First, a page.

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- January 15, 2019
- Suhas Sreedhar
- Business Strategy
During a recession, revenue is anything but guaranteed. So, in order to stay profitable, companies usually focus inward on reducing costs.
However, many businesses do this quite bluntly— they scale back, change their growth plans, downsize, and lay off workers.
While these drastic measures are sometimes necessary, there are other ways to control costs more selectively and strategically that you should try first.
These methods stem from having a good business spend management (BSM) strategy in place. BSM’s fundamental purpose is to make sure you have visibility and control over what everyone is spending, where, and why, regardless of department or function.
This oversight allows you to perform some pretty clever maneuvers when the financial pressure gets tough. Let’s take a look at some of them.
1. Reduce budgets on-the-fly
Often, when you allocate budgets, there’s no easy way to take them back. A department could spend all its allocated funds on the first day of the new quarter.
By having a BSM system in place, you can dynamically control spend through pre-approvals—you’d know everything that has been spent so far, and you’d be able to reduce budgets and control spend any time.
2. Strategically control spend
It’s a common practice for companies to issue blanket freezes during a recession, because it’s an easy way of curbing spend.
But the sectors that get blanket freezes aren’t always the most important ones to reduce spend significantly, they’re just the easiest for most companies to control.
For instance, most companies freeze business travel because they can control it quickly. Freezing travel wholesale might not be the most helpful to the company, though.
Instead, there might be other areas which could save a lot more money, if their spend is visible and subject to pre-approval.
Additionally, there might be certain expenditures within a certain sector that you want to permit— freezing all travel in a blanket way might not be helpful if certain travel can add important business value.
With BSM, you have more of a knife to carve things out strategically versus a baseball bat that can only knock out the entire areas.
3. Respond with agility
What happens when your suppliers are also affected by the recession? If a certain supplier can’t deliver an order on time, or deliver it at the price point you wanted, or at all, you need to be able to deftly find alternatives.
An important role of BSM is to provide visibility into procurement, thus making procurement of strategic financial importance.
During a downturn, everyone is trying to maximize profitability, and making sure that your procurement costs don’t leave you hamstrung is an important part of strategically managing your finances.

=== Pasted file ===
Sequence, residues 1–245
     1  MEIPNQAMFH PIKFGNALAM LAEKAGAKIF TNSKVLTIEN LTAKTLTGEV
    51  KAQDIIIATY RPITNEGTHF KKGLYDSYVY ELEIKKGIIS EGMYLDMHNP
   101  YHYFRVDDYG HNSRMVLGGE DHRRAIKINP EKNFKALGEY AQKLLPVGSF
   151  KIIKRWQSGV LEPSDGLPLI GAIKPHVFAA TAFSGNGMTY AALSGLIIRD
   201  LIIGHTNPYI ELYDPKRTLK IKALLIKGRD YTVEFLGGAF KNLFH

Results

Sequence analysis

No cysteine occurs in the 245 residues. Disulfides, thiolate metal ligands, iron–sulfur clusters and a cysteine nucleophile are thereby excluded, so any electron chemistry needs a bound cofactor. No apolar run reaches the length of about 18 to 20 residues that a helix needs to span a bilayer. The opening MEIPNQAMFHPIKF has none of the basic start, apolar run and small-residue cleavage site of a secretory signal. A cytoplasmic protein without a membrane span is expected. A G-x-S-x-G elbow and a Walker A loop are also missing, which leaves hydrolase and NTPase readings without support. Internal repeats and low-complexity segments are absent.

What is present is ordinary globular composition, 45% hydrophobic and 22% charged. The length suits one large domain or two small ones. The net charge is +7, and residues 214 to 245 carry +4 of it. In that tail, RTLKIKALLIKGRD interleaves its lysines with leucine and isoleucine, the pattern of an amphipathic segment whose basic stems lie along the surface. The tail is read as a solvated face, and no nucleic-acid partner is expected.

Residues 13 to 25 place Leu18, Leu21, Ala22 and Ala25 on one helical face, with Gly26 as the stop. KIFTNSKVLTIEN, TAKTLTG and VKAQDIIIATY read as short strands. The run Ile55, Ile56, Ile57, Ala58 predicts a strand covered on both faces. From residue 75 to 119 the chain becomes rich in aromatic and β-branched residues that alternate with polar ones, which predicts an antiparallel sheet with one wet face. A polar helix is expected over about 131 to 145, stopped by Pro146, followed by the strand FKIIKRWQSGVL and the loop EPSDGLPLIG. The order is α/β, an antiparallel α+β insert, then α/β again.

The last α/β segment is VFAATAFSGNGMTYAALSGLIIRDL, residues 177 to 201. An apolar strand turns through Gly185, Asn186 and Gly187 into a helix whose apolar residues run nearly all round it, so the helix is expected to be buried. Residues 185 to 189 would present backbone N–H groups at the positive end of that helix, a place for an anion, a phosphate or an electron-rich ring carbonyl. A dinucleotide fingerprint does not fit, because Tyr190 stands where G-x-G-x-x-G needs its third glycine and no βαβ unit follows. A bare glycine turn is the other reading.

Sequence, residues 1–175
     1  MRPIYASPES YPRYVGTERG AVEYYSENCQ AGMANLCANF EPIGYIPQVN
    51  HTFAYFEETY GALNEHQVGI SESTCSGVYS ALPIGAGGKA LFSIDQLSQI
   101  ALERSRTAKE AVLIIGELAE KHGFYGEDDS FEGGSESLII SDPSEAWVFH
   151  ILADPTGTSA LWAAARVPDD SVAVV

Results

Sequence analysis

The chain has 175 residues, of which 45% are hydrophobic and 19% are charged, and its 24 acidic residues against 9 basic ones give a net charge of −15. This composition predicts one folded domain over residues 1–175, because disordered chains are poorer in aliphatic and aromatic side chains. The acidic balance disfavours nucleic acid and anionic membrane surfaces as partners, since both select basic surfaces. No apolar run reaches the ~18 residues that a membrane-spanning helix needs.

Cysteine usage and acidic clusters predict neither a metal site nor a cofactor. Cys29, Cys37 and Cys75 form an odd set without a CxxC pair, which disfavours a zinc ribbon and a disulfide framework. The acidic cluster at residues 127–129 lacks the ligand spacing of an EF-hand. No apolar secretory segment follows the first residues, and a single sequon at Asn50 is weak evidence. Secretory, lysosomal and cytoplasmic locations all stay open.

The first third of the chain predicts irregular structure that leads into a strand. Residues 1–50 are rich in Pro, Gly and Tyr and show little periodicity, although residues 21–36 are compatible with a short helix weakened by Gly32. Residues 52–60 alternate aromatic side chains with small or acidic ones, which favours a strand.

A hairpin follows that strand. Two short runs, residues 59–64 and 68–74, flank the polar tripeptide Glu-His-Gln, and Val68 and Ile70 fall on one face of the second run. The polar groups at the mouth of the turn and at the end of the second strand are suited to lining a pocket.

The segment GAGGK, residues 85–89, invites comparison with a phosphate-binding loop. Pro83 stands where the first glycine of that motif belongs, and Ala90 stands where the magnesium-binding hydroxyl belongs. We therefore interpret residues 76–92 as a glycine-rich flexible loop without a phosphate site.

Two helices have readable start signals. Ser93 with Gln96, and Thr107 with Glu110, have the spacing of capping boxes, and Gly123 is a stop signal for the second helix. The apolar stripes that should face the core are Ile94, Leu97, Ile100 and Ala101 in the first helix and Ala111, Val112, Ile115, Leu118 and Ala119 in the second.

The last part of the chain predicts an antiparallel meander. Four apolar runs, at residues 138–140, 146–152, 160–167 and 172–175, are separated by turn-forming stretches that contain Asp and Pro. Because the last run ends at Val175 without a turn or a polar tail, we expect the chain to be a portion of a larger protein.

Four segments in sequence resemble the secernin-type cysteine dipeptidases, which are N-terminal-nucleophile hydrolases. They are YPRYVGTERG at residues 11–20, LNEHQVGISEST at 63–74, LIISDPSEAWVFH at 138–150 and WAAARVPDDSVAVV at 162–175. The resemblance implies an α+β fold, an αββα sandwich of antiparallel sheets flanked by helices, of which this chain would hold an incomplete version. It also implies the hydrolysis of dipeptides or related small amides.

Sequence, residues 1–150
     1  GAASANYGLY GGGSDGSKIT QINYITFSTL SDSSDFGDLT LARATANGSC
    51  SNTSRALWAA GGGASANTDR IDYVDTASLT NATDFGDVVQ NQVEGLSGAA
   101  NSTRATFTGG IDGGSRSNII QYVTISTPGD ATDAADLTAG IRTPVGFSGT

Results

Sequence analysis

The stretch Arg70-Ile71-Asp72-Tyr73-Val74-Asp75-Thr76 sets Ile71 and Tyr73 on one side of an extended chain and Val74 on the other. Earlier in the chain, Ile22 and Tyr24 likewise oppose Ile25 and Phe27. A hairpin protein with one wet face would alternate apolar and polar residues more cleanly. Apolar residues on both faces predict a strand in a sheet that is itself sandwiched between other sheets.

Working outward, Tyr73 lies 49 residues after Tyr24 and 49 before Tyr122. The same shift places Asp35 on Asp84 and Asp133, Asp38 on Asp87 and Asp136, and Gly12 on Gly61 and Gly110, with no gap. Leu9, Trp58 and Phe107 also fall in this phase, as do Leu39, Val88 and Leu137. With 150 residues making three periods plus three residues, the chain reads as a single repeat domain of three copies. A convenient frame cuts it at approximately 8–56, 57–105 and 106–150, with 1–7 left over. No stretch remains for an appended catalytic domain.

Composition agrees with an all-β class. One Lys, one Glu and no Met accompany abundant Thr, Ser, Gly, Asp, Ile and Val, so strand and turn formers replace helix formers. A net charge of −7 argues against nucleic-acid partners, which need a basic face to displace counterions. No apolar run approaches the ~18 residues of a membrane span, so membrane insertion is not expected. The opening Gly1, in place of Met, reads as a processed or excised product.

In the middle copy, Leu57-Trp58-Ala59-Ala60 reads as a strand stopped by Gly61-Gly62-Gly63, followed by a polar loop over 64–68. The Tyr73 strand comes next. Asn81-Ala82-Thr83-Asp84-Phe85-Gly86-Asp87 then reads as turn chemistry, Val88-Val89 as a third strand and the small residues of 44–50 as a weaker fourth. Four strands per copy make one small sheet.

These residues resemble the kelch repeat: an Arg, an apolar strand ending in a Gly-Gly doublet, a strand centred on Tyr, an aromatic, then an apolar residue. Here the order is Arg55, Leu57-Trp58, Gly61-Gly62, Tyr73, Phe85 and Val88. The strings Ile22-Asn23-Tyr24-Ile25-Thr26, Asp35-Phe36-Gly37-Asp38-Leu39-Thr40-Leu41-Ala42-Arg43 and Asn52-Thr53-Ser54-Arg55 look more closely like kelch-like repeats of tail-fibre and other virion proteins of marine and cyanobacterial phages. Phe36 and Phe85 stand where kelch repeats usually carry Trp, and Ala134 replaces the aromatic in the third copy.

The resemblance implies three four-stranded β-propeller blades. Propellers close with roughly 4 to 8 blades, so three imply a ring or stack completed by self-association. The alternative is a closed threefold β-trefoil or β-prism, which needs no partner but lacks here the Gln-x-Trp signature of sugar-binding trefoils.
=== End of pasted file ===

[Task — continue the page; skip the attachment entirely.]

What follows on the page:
Procurement experts, in conjunction with Finance, can work together during recessions to strategically reduce costs while maintaining essential processes.
4. Monitor Fraud
Fraud spikes in a recession. Heavier financial pressure tends to create rationalizations for fraudsters.
Fraud, especially in a business context, can be incredibly costly, and with so much pressure and attention spent on ensuring profitability, fraudsters can exploit gaps in process.
Fraud can come from inside and outside an organization, and being vigilant to both requires having systems that can proactively assess risk.
Because BSM provides visibility across different business areas, it can help track fraud across departments, functions, and people. And fundamentally, with a proper BSM approach, all your spend is going through a controlled platform, leaving little room for fraudsters to steal from the proverbial cookie jar.
5. Increase savings
A major benefit of a BSM strategy, even during the good times, is that it will allow you to save by giving you control over the long-tail of your spend.
Long-tail spend is a major burden to most companies; it’s the low value 20% of business spend that doesn’t go through procurement, and often is unseen until the invoices come.
Getting control over the long tail means getting all spend under management. By doing this, companies can save money by denying unnecessary expenditures and finding cheaper alternatives when something is required.
During a downturn, having as much spend under management will enable all the techniques mentioned above, all of which will save money, strategically.
For CFOs, a lurking recession is always a worry
Here, halfway through January in 2019, there’s a lot of news about the economy that’s causing no small amount of concern:
No one knows for sure if we’re in for a recession this year, but we might be entering a bear market right now, and plenty are worried about it.
We’ll stay tuned for what happens, but I’d advise taking this opportunity to arm yourself against a recession; whether this year or sometime in the future, there will be another, and it’s best to be prepared.
Think of BSM as your bear spray against a bear market.
Suhas Sreedhar is Sr. Content Manager at Coupa. He’s previously worked as a technology journalist and content editor, writing and speaking about topics like the cloud, digital transformation, and the supply chain.